IT Brief NZ - BYOD programs set to skyrocket with the help of tablets

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BYOD programs set to skyrocket with the help of tablets

BYOD is becoming more common, and by 2018 Gartner predicts twice as many employee owned devices will be used for work than enterprise owned devices.

Tablets increase accessibility and affordability of bring your own device (BYOD) programs when compared to laptops and smartphones, says Gartner.

IT departments can support nearly three times more users in tablet BYOD programs than enterprise-owned tablet programs, Gartner says.

“IT leaders can spend half a million dollars to buy and support 1,000 enterprise-owned tablets, while they can support 2,745 user-owned tablets with that same budget,” says Federica Troni, Gartner, research director.

“Without a stipend, direct costs of user-owned tablets are 64% lower. When organizations have several users who want a tablet as a device of convenience, offering a BYOD option is the best alternative to limit cost and broaden access,” she says.

Alternatively, smartphone programs have a total cost of ownership similar to those of enterprise owned smartphones, Gartner says. Savings can be made, but only when the organisation pays for partial, or doesn’t reimburse or subsidise for, voice and data plans, says Gartner.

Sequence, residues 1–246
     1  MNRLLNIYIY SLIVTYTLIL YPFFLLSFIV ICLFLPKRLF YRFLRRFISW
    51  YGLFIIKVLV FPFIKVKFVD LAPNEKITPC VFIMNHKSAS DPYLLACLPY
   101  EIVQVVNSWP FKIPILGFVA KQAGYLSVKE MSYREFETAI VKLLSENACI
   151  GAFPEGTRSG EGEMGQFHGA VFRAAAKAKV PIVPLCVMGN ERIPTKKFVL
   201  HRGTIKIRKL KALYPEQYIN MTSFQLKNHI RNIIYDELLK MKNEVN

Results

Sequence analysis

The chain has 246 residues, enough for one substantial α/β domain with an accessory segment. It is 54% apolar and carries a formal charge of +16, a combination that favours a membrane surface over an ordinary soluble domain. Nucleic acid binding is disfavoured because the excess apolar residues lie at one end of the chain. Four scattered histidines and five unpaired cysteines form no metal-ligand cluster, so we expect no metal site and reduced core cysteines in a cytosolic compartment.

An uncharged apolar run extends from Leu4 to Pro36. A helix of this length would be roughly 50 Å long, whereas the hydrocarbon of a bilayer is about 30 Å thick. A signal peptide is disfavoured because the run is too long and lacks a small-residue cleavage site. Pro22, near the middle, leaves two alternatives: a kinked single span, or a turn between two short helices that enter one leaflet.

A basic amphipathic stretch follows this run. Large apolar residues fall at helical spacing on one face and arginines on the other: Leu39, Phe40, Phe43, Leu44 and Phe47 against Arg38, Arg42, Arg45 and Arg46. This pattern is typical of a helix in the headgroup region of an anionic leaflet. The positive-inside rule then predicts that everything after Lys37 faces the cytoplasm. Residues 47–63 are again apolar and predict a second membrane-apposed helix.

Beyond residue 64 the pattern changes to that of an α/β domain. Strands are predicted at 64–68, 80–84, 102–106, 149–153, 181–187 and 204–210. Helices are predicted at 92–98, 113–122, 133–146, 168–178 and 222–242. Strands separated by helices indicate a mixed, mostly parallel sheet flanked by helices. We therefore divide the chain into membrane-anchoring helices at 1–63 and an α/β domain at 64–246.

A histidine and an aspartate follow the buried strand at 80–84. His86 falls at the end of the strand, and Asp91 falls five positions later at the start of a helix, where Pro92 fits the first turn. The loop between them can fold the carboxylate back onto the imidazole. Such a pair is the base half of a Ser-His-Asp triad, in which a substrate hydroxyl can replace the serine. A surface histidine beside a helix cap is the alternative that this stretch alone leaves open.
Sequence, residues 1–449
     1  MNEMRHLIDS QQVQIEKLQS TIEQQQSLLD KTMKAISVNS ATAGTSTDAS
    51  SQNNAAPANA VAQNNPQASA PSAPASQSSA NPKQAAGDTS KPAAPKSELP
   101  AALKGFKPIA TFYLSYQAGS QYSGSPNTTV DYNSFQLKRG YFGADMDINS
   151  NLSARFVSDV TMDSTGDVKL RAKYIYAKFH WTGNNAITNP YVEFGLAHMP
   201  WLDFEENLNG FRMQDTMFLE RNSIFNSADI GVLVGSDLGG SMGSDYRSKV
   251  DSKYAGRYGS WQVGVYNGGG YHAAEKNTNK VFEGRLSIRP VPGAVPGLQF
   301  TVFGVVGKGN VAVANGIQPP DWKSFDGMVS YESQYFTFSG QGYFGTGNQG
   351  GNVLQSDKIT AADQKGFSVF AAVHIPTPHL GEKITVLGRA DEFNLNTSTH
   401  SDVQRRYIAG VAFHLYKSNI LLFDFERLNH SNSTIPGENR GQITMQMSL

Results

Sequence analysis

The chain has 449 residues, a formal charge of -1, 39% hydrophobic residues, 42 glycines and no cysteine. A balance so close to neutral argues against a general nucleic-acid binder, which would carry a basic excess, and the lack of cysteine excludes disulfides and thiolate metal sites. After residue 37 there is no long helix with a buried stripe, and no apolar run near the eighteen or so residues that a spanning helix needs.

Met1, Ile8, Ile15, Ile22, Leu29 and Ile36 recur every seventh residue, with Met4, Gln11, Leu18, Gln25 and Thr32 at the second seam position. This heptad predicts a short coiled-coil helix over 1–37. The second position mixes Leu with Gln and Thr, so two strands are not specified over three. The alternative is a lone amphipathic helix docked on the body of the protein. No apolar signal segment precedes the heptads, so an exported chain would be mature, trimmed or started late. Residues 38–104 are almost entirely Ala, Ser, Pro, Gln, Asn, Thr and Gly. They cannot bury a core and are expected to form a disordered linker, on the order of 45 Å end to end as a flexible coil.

Throughout 2017, Gartner says 90% of organisations will support some aspect of BYOD to varying degrees of maturity, and by 2018, there will be 50% more employee owned devices used in businesses than those owned by the enterprise.

According to Gartner, establishing the right support structure and foundation for BYOD programs is an important part of containing the cost and taking advantage of potential savings.

Troni says, “While BYO initiatives for mobile devices can lead to cost savings, it is not always the case.”

Gartner says when designing BYOD programs, organisations need to have a primary goal, for instance, user satisfaction, cost reduction or mobile expansion, as different goals can conflict each other.

It is important for businesses to establish the IT department's responsibilities for end-point devices support, ensure users accept the responsibility for handling a higher number of support issues related with their own device, and set an appropriate level of reimbursement for voice and data costs.

“A balanced mix of enterprise-owned and user-owned devices with different levels of stipends will be the most effective way of capitalizing the benefits of BYOD programs, both in terms of cost reduction and in terms of level of access to mobile technology,” says Troni.

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